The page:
ScotRail Alliance in £300,000 safety investment

Wednesday, 20 December 2017

The ScotRail Alliance has invested £300,000 to make the railways even safer for customers and staff.

Over 300 body-worn CCTV cameras are being made available to frontline staff across the country. The devices can be clipped on to the staff member’s uniform, or worn on a lanyard, and are clearly marked as CCTV cameras.

The cameras are capable of recording video and audio in high definition continuously for up to eight hours. The cameras will capture footage when they are activated by a member of staff.

The roll out follows a successful trial, where staff found that people positively changed their behaviour when informed that they were being recorded. Footage from cameras worn by staff has also been used in a number of prosecutions.

The initiative has been delivered in partnership with Transport Scotland and trade unions ASLEF, RMT and TSSA. The aim of the role out is to continue to improve the safety of customers and staff, deter antisocial behaviour, and gather evidence when it does occur.

The devices are produced by Edinburgh-based Edesix, who have designed the cameras so that frontline staff require no specialist training in how to use them. Wearers of the devices have no access to the footage they record, which is downloaded automatically to a secure site.

Alex Hynes, ScotRail Alliance Managing Director, said:

“We are building the best railway that Scotland’s ever had, and a key part of that is continuing to improve the safety of our railway. The safety and security of our staff and customers is our priority.

“Anti-social behaviour will never be tolerated at our stations, or on our trains. These new cameras will improve everyone’s journey by deterring anti-social or criminal behaviour, and help with gathering vital evidence on the rare occasions when it does occur.”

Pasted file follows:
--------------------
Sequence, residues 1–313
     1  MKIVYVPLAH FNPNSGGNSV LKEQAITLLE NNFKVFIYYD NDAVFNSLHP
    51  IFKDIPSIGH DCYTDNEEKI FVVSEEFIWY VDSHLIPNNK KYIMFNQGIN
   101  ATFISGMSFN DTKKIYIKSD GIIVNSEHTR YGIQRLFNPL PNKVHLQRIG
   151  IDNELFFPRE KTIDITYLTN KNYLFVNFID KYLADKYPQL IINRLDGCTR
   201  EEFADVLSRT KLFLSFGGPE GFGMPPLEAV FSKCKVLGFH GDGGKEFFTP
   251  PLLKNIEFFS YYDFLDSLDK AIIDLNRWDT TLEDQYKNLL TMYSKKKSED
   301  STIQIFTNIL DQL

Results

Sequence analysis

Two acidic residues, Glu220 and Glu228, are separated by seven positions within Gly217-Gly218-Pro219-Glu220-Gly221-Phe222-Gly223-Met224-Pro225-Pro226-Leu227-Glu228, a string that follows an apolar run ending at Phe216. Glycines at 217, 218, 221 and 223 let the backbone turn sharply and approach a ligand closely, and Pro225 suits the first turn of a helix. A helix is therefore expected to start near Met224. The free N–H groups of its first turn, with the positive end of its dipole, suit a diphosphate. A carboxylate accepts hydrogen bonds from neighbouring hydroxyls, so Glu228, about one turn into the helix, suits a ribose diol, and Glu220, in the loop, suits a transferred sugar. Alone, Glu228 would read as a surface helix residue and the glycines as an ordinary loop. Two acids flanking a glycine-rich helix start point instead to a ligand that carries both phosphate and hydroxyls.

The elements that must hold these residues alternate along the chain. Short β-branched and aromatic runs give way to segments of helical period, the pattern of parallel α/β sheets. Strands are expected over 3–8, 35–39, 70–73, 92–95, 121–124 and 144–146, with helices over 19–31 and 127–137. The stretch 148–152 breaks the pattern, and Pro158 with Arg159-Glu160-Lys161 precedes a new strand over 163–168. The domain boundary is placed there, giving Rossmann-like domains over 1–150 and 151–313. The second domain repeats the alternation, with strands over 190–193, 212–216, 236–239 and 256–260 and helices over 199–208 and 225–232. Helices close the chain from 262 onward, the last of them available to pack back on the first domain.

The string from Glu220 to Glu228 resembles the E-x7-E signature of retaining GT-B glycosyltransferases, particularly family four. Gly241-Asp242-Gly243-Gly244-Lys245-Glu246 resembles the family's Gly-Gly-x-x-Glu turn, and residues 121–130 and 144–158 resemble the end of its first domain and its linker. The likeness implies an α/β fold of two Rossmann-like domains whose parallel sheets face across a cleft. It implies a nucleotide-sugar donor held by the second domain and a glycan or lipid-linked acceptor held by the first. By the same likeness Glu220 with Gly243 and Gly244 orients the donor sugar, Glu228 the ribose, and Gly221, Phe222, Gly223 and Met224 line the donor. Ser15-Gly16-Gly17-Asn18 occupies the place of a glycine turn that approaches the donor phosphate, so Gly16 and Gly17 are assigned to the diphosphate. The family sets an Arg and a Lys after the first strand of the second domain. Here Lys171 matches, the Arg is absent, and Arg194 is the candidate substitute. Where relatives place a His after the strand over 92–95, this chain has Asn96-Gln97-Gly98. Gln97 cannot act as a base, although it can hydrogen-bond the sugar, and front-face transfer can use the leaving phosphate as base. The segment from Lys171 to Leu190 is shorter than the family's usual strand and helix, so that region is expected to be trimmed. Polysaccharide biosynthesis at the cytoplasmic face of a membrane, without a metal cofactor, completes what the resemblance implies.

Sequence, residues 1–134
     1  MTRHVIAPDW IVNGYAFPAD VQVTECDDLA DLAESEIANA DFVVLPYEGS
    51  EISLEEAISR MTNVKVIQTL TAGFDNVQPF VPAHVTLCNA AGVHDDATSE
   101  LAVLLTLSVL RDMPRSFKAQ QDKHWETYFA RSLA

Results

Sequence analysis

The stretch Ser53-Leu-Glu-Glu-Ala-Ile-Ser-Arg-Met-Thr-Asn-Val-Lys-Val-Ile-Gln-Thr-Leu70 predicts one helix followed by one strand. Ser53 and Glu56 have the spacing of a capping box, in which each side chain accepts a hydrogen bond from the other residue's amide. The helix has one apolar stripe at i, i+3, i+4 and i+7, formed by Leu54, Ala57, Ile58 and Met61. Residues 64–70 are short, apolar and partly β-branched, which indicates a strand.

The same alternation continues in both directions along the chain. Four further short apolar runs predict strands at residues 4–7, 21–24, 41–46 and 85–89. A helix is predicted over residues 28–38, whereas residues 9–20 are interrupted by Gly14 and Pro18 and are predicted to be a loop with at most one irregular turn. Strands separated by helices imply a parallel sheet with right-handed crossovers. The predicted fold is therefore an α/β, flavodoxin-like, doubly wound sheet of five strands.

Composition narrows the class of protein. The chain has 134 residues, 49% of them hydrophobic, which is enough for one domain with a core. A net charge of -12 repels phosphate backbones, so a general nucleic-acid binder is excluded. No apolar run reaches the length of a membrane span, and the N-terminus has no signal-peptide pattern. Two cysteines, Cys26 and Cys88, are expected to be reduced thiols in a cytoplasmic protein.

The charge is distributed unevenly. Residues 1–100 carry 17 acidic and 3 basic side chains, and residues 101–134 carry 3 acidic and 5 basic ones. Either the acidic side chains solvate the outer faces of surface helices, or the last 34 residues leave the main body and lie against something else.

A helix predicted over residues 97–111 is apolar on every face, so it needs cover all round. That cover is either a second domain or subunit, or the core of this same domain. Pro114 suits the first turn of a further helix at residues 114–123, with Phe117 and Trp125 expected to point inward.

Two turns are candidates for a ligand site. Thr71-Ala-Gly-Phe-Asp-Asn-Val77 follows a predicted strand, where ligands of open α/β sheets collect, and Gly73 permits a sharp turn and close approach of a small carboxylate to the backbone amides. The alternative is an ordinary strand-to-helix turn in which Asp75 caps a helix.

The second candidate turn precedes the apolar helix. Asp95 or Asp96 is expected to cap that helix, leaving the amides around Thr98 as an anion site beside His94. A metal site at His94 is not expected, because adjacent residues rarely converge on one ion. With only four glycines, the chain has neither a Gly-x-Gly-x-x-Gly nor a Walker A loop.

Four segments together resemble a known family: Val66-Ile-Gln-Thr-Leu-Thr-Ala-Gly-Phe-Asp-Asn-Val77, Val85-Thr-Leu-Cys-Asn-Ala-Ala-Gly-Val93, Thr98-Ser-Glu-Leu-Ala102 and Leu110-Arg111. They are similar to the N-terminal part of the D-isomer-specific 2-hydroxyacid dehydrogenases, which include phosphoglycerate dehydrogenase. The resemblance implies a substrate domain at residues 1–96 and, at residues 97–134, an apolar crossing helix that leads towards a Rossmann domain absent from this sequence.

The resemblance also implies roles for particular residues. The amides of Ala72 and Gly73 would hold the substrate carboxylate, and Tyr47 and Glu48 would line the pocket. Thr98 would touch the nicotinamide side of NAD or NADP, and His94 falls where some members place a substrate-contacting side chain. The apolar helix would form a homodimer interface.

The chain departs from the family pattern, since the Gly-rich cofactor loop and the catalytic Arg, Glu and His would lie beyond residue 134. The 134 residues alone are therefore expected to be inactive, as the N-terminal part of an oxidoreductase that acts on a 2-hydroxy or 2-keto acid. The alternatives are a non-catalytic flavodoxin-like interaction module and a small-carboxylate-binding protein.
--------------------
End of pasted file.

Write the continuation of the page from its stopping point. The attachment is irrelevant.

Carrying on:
Humza Yousaf, Minister for Transport and the Islands. said:

“The Scottish Government is committed to working with our industry partners to help build the best railway Scotland has ever had.

"Part of this includes investing in measures to target unwelcome behaviour and introducing bodycams will play a role in that.

"Every worker has the absolute right to carry out their duties without the fear of verbal or physical assault, just as every passenger has the right to a safe journey.”

Chief Inspector Sue Maxwell from British Transport Police, said:

“We’re delighted that our colleagues in the ScotRail Alliance will soon be equipped with body worn cameras right across Scotland. In September, BTP rolled out body worn cameras to all our officers meaning that they have an independent witness by their side at every single incident.

“Body worn cameras allows officers to capture essential evidence, help protect officers from malicious complaints and can speed up the justice process. With ScotRail now using these cameras, we’re sure this is another great step towards making Scottish railways a safer place to travel.”

Kevin Lindsay, ASLEF District Organiser, said:

“As a union we welcome these additional body cameras, but we urge all rail passengers to respect rail workers at all times - not just at this festive time.”

Liz Warren-Corney, TSSA Scotland Organiser, said:

“TSSA’s raison d’etre is all about ensuring our members get home safely to their loved ones after a day at work.

“Keeping them safe keeps Scotland’s passengers safe, so we welcome anything that adds to the safety levels and welcome the body cams.”

NOTES

Staff will be encouraged to wear the new cameras, but it will not be compulsory.

The new body cameras include the following features:

  • 130-degree field of view
  • ‘One click’ recording
  • Low-light recording